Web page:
Published Sunday, January 27, 2013
By REBECCA LEFTWICH
More than 20 teams of middle school hopefuls battled it out at Newnan High School Saturday at the National Science Bowl Georgia Regional, and in the end it was the Wesleyan Middle School team which earned the top spot and a trip to Washington, D.C. for the national finals in April.
Second place team was Woodstock Middle School and third was Prince Avenue Middle School. A Wesleyan team also won the afternoon battery car competition, which was sponsored by Yamaha Motor Manufacturing.
Although no Coweta middle schools were in last weekend’s competition, Newnan High Science Bowl team members and other student volunteers assisted teachers and officials as the school hosted the event for the first time. Dan Coleman, Newnan High science department head, said the “entire science department” had looked forward to hosting the state event.
Donald White, science content specialist for the Coweta County School System, said the event showed the dedication of students and teachers and commitment from the business community.
“These students are going above and beyond the things that are required in class,” he said. “To support them, these teachers are here on their off weekend. And Yamaha’s connection with [the event] is the kind of relationship we’re trying to foster throughout Coweta County Schools.”
NHS has been involved in National Science Bowl competition since the 1980s, and this year’s team competed in high school regionals at Georgia State University Saturday.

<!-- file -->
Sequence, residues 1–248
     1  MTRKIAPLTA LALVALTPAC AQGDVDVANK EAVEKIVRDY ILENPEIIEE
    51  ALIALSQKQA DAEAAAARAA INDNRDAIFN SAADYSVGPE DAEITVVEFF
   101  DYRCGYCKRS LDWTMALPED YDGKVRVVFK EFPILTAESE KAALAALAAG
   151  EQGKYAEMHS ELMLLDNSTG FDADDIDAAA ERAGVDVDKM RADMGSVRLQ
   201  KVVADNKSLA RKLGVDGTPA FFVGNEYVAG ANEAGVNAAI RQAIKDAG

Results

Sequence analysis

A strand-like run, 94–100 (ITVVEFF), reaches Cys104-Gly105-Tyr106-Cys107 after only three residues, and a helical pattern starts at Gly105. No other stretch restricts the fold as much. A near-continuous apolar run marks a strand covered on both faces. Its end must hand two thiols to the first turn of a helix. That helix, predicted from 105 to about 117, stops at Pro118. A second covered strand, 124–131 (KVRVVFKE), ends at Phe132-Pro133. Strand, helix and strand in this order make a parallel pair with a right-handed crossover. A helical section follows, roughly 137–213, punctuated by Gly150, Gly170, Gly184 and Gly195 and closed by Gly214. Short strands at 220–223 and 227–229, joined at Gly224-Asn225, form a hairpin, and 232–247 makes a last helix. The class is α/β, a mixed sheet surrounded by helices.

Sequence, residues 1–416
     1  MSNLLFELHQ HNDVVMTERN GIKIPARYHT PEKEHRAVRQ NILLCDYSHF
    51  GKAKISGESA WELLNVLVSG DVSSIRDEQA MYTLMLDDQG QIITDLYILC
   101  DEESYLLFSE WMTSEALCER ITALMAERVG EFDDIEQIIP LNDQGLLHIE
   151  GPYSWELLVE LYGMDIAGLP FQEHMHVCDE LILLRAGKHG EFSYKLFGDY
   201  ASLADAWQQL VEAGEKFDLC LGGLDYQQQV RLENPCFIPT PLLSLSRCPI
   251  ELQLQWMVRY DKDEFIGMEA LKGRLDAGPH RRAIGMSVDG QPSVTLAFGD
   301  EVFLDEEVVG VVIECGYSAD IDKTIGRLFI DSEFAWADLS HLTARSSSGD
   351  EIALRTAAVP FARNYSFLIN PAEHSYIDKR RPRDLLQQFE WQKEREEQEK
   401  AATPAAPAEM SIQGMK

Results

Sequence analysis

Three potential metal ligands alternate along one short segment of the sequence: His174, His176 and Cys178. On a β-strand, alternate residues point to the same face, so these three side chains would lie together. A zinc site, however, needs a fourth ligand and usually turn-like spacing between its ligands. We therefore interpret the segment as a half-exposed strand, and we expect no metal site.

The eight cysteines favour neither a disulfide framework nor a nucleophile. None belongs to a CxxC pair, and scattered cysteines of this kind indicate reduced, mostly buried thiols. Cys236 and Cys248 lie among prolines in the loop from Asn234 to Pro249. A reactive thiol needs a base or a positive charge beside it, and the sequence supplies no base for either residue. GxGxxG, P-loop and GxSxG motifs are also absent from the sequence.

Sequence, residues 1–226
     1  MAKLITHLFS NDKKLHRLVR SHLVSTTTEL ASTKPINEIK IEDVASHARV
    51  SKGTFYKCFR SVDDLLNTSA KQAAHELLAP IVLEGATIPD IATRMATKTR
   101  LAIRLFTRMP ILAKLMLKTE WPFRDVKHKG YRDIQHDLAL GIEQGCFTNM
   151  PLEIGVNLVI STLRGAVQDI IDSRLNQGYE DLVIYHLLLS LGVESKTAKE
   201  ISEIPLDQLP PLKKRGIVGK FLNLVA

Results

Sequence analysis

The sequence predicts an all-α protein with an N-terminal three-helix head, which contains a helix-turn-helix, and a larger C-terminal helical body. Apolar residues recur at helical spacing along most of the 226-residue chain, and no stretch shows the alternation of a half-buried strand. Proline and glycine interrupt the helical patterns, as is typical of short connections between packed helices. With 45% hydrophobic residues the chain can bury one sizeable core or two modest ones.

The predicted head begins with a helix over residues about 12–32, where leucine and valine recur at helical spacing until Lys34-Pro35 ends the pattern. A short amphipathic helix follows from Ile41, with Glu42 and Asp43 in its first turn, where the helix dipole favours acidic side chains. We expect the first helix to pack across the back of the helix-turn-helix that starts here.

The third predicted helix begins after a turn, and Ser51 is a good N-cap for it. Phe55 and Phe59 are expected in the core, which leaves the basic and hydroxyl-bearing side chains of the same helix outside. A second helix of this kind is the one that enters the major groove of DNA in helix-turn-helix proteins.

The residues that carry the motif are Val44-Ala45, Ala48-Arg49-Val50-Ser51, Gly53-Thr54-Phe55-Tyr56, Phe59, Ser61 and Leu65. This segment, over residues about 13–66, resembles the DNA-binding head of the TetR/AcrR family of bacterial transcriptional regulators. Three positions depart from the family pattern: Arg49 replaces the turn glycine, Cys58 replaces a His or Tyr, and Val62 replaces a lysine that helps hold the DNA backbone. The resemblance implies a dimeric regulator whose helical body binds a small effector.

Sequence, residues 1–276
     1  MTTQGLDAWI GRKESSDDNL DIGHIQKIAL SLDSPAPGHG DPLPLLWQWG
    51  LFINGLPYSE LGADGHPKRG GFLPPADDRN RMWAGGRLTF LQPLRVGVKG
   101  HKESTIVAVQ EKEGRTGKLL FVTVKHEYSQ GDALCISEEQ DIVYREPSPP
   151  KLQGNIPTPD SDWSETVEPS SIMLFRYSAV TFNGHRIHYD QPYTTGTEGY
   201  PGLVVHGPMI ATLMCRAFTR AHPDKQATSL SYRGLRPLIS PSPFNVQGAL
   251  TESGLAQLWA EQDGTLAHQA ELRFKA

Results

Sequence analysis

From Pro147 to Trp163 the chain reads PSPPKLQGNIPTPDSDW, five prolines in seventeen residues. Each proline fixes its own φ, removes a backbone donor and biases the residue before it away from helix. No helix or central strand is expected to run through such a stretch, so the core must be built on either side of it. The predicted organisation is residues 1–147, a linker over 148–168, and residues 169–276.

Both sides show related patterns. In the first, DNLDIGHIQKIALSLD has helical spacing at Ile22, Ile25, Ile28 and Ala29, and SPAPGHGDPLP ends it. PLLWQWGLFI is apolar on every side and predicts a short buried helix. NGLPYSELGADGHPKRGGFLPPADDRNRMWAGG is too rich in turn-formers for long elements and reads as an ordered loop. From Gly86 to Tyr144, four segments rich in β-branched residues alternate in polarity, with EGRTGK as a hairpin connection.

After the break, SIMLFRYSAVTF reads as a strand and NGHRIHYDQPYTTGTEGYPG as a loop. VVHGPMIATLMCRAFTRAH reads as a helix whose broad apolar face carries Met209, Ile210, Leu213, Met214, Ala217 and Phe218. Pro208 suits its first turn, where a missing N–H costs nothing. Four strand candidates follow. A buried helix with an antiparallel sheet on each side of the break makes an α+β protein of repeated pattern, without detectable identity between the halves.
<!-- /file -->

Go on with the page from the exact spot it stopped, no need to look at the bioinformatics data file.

The National Science Bowl is an annual event aimed at encouraging students to pursue careers in science and math, according to Dirk Fillpot of the U.S. Department of Energy’s Office of Science, the event’s sponsor.
Through March 9, more than 120 regional competitions will take place throughout the United States as well as in Puerto Rico and the Virgin Islands. In regionals, teams of four students each answer mathematical problems and are tested on their knowledge in astronomy, biology, Earth science and physics.
Donna Mullenax, state Science Bowl director, said the quiz competition gives students the opportunity to excel.
“There should be an avenue for every child to express their academic ability,” she said. “There are opportunities for athletic and artistic expression, and this gives students a chance outside the classroom to show their skills.”
Christella Dhammaputti, a senior Science Bowl member who wants to pursue a career in medicine, said her scientific-mindedness drew her to the quiz competition. Freshman Lacy McLendon said she likes to know how things work and asks a lot of questions, and that’s why Science Bowl is a good fit for her. And junior team member Dao Khamsay said she enjoys the company and the competition.
“I love science, and it’s fun to be somewhere I can express that besides in class,” Khamsay said. “During competition, I learn from the questions I don’t know and the ones I do boost my confidence.”
For more information on the National Science Bowl, visit http://science.energy.gov/wdts/nsb/ .